The Xavier and Brophy swim teams, located in Arizona, have raised over $10,000 in two months for their Swim for the Light fundraiser, which is aimed at raising awareness about mental health.
The fundraiser was established by Kelly Scott last year, a Xavier alum and current freshman swimmer at Boston College. Current senior Ashleigh Baros headed this year’s campaign.
“I’ve decided to continue this event because I’ve seen my friends struggle with mental health, and right now I’m seeing a family member struggle with mental health,” Baros said during a news report.
The event was hosted by Valleywise Health Foundation, an Arizona-based nonprofit that supports a network of hospitals and medical facilities. Originally, the teams wanted to raise $2,000, but after an extension in the fundraising period through at least December 1, the current total stands at $10,250.
As part of the fundraising effort, swimmers would post links to the donation page on their social media, and the teams even opened up fundraising to the general public. The money goes toward supporting behavioral health programs for teens and young adults.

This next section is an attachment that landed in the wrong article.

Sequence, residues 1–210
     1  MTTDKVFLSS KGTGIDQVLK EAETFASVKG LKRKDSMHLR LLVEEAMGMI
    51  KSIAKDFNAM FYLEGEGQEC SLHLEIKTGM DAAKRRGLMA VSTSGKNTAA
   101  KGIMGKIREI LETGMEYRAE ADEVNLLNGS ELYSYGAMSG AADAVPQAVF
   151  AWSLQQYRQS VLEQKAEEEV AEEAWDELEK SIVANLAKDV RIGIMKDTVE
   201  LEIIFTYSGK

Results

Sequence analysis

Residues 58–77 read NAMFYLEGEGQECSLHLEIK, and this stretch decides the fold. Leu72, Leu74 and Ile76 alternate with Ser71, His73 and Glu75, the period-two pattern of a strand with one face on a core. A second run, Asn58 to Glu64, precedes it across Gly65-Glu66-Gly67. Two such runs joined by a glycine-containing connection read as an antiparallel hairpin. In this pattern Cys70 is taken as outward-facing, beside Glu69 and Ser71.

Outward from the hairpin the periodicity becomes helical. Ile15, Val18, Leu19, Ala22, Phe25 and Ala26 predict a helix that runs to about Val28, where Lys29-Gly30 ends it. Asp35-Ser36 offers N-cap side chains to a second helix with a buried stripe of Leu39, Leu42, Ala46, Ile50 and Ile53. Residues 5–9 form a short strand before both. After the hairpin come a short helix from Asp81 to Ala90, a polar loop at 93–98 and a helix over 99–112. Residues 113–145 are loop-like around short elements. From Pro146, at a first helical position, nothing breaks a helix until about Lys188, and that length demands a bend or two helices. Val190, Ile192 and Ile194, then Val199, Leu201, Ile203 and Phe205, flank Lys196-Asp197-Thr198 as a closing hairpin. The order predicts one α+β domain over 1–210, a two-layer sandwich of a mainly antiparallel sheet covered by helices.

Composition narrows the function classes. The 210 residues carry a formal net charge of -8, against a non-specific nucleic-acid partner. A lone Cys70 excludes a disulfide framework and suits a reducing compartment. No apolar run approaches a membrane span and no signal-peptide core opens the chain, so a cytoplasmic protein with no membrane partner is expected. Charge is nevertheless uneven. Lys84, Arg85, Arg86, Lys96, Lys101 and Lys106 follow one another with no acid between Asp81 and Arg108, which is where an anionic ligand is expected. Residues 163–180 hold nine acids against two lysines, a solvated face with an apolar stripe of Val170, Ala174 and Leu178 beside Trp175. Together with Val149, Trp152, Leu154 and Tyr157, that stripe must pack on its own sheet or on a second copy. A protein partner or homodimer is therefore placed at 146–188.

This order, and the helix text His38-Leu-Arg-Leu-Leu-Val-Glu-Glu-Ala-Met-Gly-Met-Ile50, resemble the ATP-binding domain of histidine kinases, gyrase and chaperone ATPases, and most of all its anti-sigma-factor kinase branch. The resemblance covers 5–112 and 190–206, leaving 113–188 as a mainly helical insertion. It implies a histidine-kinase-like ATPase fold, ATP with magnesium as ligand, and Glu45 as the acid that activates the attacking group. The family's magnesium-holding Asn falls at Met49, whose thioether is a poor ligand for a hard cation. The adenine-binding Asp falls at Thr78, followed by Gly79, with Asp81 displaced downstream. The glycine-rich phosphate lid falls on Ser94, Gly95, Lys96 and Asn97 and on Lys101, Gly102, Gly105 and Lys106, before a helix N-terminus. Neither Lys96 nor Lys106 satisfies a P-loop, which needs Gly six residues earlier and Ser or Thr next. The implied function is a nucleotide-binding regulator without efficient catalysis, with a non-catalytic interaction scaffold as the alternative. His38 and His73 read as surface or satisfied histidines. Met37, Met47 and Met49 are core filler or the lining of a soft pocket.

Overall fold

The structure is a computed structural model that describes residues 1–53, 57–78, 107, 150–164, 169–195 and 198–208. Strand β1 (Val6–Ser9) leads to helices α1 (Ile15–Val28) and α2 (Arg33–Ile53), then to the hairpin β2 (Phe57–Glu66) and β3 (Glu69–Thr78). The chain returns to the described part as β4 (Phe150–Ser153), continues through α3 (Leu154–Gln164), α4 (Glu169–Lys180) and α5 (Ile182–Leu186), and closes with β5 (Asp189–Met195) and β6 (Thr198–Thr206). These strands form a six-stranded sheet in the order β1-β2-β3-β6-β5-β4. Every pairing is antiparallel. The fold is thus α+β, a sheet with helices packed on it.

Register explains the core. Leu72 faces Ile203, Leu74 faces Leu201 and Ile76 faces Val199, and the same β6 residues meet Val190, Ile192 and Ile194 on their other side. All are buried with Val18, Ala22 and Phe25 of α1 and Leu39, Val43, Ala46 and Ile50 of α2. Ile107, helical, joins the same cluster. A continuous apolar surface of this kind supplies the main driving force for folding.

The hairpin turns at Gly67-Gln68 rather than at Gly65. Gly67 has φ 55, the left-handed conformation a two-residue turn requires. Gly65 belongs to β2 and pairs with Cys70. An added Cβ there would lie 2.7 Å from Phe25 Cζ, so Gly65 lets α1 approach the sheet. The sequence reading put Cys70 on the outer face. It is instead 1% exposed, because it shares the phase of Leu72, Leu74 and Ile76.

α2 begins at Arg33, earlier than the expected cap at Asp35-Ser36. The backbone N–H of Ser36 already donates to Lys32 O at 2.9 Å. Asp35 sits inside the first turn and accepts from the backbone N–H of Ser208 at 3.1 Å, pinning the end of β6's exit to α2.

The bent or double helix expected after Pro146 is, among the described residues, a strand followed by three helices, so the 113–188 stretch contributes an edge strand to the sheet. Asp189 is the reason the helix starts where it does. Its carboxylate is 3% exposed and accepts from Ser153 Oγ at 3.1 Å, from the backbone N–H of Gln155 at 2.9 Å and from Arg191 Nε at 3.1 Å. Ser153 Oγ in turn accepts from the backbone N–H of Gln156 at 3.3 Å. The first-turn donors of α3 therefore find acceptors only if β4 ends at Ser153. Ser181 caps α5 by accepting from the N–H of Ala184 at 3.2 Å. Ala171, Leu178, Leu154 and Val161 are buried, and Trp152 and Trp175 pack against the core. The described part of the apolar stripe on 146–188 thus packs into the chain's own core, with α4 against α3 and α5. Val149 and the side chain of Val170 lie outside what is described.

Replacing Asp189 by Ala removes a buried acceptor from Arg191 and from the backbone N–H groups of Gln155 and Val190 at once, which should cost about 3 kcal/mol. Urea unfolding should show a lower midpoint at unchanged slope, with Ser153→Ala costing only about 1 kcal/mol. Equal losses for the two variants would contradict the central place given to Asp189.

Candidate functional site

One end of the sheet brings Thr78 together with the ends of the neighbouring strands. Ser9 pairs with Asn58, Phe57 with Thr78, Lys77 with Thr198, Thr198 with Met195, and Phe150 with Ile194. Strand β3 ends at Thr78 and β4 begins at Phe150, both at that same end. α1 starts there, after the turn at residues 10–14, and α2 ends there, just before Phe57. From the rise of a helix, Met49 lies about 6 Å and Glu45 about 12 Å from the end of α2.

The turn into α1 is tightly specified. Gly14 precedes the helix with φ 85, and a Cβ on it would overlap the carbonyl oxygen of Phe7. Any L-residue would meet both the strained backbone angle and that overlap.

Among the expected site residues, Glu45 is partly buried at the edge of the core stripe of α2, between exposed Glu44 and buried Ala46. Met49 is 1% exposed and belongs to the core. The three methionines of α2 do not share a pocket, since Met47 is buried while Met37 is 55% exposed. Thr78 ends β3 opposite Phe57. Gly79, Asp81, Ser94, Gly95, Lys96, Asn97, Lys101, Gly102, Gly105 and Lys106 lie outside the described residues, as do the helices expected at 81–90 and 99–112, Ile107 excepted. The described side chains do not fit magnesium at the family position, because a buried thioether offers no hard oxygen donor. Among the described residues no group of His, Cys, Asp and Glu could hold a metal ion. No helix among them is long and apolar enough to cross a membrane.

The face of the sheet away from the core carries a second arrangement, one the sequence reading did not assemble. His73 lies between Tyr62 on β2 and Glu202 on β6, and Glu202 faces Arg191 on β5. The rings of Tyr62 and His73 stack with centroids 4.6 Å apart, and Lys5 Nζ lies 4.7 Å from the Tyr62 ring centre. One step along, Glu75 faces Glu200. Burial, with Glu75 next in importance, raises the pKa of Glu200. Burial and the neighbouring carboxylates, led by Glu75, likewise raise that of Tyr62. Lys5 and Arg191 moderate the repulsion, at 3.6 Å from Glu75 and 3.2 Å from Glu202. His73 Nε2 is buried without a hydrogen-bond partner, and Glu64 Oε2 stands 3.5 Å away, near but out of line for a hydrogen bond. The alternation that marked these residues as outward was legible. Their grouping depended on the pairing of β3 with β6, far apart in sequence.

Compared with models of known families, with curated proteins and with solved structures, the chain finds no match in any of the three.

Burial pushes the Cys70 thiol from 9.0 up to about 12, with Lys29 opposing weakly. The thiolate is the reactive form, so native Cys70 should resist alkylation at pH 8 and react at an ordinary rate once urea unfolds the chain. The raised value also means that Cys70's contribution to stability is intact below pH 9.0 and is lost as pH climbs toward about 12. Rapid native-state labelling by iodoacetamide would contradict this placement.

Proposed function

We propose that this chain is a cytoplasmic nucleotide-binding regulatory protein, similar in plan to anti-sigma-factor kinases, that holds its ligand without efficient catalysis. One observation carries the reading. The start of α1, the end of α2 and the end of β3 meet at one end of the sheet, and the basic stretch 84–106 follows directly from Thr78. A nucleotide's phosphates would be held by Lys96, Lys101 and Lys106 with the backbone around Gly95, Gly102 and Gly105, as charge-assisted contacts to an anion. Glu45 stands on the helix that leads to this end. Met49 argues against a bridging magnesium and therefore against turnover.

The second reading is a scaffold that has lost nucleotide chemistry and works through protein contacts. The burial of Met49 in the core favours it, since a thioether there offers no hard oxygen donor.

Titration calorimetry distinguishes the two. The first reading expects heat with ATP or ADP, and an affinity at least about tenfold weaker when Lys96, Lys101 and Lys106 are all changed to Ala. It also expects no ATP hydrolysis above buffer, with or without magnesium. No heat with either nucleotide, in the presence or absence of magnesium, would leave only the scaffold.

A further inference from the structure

“Just like physical health, mental health (brain health) is critically important and, with proper medical care and treatment, a diagnosis can be managed,” reads the mission page for the fundraiser. “We are working to change the conversation, remove the stigma of mental illness and talk about the importance of seeking care for behavioral health concerns.”
When the fundraiser began during the pandemic, swimmers would submit a video of them swimming a 100. This year, the teams worked to host an in-person event, where each person swam in different relays, with their participation totaling a 100 per person. Relays included a corkscrew relay, a t-shirt relay, and other fun, relaxed events.
People who weren’t able to participate in the event were still encouraged to submit a video of them swimming a 100.
Xavier assistant swim coach David Smithers said this is something he plans to help facilitate for a long time, but that it’s the swimmers who usually run the show.
“It’s the kids that are doing it–they’re giving back to the community already, and they’re just in high school,” Smithers said.